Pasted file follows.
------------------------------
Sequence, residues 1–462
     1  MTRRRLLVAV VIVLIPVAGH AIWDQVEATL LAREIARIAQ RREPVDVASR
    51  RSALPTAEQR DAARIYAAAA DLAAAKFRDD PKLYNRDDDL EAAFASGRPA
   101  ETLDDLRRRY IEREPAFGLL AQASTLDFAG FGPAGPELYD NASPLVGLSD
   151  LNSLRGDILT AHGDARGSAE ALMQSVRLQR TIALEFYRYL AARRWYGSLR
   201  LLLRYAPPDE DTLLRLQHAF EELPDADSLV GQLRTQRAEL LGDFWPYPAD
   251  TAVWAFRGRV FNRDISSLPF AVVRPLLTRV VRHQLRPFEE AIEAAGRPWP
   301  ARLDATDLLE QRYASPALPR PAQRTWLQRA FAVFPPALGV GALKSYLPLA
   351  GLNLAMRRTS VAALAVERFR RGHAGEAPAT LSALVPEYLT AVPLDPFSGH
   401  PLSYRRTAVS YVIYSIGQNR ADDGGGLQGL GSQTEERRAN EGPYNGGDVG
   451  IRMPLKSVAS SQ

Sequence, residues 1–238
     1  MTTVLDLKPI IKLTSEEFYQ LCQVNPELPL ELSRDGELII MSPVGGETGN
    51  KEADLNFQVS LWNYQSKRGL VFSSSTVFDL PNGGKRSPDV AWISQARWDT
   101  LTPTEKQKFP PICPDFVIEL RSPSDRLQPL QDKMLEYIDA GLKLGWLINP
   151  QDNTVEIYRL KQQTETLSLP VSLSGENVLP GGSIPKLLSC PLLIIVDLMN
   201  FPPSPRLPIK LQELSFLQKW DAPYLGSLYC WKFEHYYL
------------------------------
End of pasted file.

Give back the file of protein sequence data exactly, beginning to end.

Sequence, residues 1–462
     1  MTRRRLLVAV VIVLIPVAGH AIWDQVEATL LAREIARIAQ RREPVDVASR
    51  RSALPTAEQR DAARIYAAAA DLAAAKFRDD PKLYNRDDDL EAAFASGRPA
   101  ETLDDLRRRY IEREPAFGLL AQASTLDFAG FGPAGPELYD NASPLVGLSD
   151  LNSLRGDILT AHGDARGSAE ALMQSVRLQR TIALEFYRYL AARRWYGSLR
   201  LLLRYAPPDE DTLLRLQHAF EELPDADSLV GQLRTQRAEL LGDFWPYPAD
   251  TAVWAFRGRV FNRDISSLPF AVVRPLLTRV VRHQLRPFEE AIEAAGRPWP
   301  ARLDATDLLE QRYASPALPR PAQRTWLQRA FAVFPPALGV GALKSYLPLA
   351  GLNLAMRRTS VAALAVERFR RGHAGEAPAT LSALVPEYLT AVPLDPFSGH
   401  PLSYRRTAVS YVIYSIGQNR ADDGGGLQGL GSQTEERRAN EGPYNGGDVG
   451  IRMPLKSVAS SQ

Sequence, residues 1–238
     1  MTTVLDLKPI IKLTSEEFYQ LCQVNPELPL ELSRDGELII MSPVGGETGN
    51  KEADLNFQVS LWNYQSKRGL VFSSSTVFDL PNGGKRSPDV AWISQARWDT
   101  LTPTEKQKFP PICPDFVIEL RSPSDRLQPL QDKMLEYIDA GLKLGWLINP
   151  QDNTVEIYRL KQQTETLSLP VSLSGENVLP GGSIPKLLSC PLLIIVDLMN
   201  FPPSPRLPIK LQELSFLQKW DAPYLGSLYC WKFEHYYL